Drawings coming soon.

 

The Van Gogh Museum V The Anne Frank House: How Do You Curate a Legend?

vgflowersThe Van Gogh Museum V The Anne Frank House: How Do You Curate a Legend?http://www.ruthgeldard.com

Somewhere in the 1970s, as an adolescent schoolgirl on a trip to the National Gallery, I came into the orbit of one of Van Gogh’s sunflower paintings. In those pre-internet days, I had only ever seen a dodgy, book-sized reproduction, the awfulness of which became apparent, once I saw the original. Crude printing had reduced Van Gogh’s inspired colour-mixing and what I had taken to be an orange background in the reproduction, was actually a luscious, many faceted, creamy peach.

This rare interaction with a live painting, was literally, an illuminating experience, and hinted at things that would take me a lifetime to process. Through this specific work, I could see that each part related to and was in a dialogue with all the other parts, my first encounter with wholeness.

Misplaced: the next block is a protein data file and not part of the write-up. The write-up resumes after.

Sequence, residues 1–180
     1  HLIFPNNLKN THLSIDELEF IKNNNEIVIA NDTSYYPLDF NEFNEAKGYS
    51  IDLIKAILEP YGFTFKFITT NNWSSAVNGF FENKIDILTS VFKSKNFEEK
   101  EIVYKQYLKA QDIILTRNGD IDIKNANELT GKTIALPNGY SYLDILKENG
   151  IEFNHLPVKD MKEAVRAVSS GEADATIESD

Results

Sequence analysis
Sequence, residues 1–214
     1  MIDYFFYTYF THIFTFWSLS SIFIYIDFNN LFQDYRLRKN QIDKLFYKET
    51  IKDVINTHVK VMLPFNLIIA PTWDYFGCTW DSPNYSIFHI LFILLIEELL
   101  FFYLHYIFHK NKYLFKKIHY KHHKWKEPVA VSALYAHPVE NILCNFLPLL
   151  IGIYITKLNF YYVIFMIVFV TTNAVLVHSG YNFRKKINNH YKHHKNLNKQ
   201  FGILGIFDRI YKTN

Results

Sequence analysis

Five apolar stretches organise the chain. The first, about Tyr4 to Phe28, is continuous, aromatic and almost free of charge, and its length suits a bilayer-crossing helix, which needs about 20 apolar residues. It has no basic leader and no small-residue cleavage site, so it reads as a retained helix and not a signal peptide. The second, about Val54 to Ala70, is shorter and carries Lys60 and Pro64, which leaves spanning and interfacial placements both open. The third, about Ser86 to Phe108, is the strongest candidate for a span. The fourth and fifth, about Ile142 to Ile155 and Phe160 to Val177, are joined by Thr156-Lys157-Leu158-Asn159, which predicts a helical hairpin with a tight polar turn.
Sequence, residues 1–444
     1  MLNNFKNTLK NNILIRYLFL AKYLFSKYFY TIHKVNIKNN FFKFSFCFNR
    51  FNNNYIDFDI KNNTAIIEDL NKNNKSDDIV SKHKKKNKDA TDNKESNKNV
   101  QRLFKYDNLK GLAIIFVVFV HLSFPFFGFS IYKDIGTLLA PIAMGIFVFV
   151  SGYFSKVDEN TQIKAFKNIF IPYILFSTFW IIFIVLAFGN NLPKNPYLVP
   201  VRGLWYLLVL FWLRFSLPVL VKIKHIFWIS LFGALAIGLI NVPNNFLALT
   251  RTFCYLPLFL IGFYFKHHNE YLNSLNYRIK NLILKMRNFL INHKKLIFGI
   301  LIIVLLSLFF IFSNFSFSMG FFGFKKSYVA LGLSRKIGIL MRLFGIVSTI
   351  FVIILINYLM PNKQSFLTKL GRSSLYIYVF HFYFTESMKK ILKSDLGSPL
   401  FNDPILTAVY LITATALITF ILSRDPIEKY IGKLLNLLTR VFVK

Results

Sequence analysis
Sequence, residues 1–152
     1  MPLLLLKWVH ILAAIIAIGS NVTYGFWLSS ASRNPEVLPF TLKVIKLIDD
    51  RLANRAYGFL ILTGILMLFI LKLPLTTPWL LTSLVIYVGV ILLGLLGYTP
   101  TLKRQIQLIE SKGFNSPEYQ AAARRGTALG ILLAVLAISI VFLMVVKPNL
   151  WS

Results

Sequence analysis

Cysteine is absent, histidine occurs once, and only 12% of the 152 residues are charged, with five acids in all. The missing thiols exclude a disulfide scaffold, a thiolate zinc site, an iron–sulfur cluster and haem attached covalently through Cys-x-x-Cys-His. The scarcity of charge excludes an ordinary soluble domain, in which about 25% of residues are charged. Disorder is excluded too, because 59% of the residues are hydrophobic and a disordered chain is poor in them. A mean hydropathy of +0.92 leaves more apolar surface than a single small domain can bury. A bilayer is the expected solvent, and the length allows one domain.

At the same time I developed a new language of sensory perception, which prefigured a thousand other such experiences to come. Just being in the same hallowed space, caused a physical ache in my chest, an overwhelming kind of joy, similar to that felt on hearing a full orchestra for the first time. It was almost too much but I stayed there until it was time to leave.

Many years later, on a recent trip to Amsterdam, I approached The Van Gogh Museum, with great excitement at the thought of seeing so much of Van Gogh’s work in one place. However, the huge, glassy non-space of an entrance hall, filled with every conceivable variation of commercial tat, carefully marketed as design, did not bode well. As I mounted the huge escalator through another intimidating, glass void, I willed myself to see it all as progress.